Month: August 2018

IBM and other companies now claim to be loosening college degree requirements.

August 29, 2018 Incoherent ramblings , , , , ,

Here’s an article about companies that are starting to drop college and university degree requirements.

I’ve been expecting this for years.

I really enjoyed university and much of what I learned on my undergrad engineering degree. However, most of the skills that I required for software development, I learned on the job at IBM on my student internship, not from my undergrad engineering degree. I was very disappointed in the software engineering course that I took in university, as it was primarily droning on about waterfall models and documentation driven development, and had very little substantive content. I learned a lot of mathematics and physics at UofT, but very little of it was useful. I was once really pleased with myself when I figured out that I could do compute some partial derivatives on the job to compute error-bars in some statistical performance analysis, but that one time calculation, was the only non-trivial math I ever used in about 20 years at IBM. In short, most of the specifics I learned at University were of little value.

My view of the engineering degree I obtained, was that it was mental training. They tossed problems at us, and we solved them. By the time you were done your undergrad degree, you knew (or at least believed) that you could solve any problem. There’s definitely value to developing that mental discipline, and there’s value to the employer as a filtering mechanism. Interestingly, my first manager at IBM as a full time employee told me that they preferred hiring new engineering graduates over new computer science graduates. That is despite the fact that many of the computer science courses are quite difficult (computer graphics, optimizing compilers, …), and arguably more relevant than all the physics biased courses that we did in engineering. Perhaps that preference was due to the problem solving bias of engineering school?

An apprenticeship based recruitment system can potentially save software companies a lot of money, as it should provide cheap labor for the company and a valuable opportunity to learn real skills for the apprentice. It’s a good deal for both parties.  You can get paid to learn, vs. going to school, and paying to learn things that are not truly valuable. I’ve actually been very surprised that IBM, who is offshoring so aggressively to save money, has not yet clued in that they can hire students directly out of high school (or earlier!), for much less than the price tag that a university/college graduate would demand. While offshoring is nominally cheap, unless the whole team is moved, it introduces large latencies and inefficiencies in development processes. Hiring out of high school would provide companies like IBM that are desperate to reduce their costs, the chance of acquiring cheap local talent, free of the hassles and latencies of splitting the team to pay some members offshore rates, less benefits, and so forth.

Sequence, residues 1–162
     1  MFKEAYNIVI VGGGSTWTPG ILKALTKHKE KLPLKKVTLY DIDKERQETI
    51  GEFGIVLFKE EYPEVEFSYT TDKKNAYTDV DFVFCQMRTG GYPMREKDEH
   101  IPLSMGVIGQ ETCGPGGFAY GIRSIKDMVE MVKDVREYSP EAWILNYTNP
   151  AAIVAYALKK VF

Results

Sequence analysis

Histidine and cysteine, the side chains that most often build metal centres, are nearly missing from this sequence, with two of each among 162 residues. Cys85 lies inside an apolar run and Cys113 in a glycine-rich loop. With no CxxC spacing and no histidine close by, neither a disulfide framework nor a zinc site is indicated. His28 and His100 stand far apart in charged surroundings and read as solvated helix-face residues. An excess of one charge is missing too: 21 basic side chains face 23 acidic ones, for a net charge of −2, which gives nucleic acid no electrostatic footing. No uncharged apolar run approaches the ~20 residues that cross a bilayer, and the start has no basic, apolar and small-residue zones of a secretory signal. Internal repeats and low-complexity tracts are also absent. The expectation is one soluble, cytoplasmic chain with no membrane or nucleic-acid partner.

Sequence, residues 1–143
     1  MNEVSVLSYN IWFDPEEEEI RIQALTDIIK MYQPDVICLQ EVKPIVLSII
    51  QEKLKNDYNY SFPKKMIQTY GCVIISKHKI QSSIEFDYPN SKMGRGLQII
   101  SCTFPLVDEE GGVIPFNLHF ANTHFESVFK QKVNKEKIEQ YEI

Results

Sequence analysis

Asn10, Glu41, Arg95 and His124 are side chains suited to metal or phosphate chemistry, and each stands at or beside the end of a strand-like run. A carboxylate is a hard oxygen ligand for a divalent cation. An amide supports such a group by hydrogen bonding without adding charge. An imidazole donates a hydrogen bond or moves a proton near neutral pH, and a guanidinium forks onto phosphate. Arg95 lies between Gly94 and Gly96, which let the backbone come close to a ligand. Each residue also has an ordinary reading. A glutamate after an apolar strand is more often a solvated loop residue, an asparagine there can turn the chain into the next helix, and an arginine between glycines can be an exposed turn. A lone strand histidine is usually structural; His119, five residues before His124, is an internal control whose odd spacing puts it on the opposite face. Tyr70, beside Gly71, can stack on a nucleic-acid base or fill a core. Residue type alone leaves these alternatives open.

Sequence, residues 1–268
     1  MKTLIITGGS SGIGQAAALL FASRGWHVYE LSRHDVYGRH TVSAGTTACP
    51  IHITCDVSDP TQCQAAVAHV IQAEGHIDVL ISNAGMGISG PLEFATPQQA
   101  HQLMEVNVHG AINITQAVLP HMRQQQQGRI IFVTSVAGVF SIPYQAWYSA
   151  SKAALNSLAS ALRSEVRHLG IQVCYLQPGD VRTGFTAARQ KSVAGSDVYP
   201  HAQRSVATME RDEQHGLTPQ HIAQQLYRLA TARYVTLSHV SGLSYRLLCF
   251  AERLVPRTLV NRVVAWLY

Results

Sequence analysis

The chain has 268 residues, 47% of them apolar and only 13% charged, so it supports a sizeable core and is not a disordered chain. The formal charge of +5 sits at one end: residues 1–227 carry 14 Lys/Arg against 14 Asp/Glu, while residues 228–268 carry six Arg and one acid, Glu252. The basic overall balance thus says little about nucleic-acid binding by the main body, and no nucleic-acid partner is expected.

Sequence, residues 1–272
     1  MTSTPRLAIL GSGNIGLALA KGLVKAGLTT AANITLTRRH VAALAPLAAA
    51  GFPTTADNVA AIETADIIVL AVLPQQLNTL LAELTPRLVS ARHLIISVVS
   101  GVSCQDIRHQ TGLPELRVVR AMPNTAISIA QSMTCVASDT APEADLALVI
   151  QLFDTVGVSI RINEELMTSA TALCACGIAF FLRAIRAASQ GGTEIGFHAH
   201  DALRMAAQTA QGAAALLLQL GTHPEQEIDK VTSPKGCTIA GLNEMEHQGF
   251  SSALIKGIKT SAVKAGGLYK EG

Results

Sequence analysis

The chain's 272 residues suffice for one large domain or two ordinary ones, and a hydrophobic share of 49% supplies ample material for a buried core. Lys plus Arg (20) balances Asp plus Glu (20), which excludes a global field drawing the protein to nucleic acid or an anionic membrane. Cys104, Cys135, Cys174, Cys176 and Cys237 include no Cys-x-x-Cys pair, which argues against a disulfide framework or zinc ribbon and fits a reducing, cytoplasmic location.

Assuming that a university degree is not actually useful, the problem to be solved is one of filtering. How does a company evaluate the potential of an untrained candidate without using (potentially useless) accreditation as a filter? I’d guess that we will see a transition to IQ style testing (although that is illegal in some locals) and a bias for hiring youth with demonstrated interest and proven open source project contribution history.

The original owner of my house didn’t like grounding circuits?!!

August 27, 2018 Home renos , ,

Each time I open an electrical outlet in my house that looks like it wasn’t original, I expect to be horrified. The original owner of my house did some very sloppy wiring. I had dangling wires all over the basement (he hid those with a drop ceiling), but I was able to tidy up without too much trouble.  He also seemed to have a general aversion to physically connecting any ground wires.  I found another example of this when I took off the old bathroom light:

Notice how there’s no ground wire attached to this box. It was even more mysterious before I starting trying to cut into the drywall beside the outlet, which was exploratory. I wanted to see if the ground wire had been cut before it was fed into the box. I was also curious about the non-standard electrical connector (i.e. it’s not a clamp) that had been used to feed the wire through.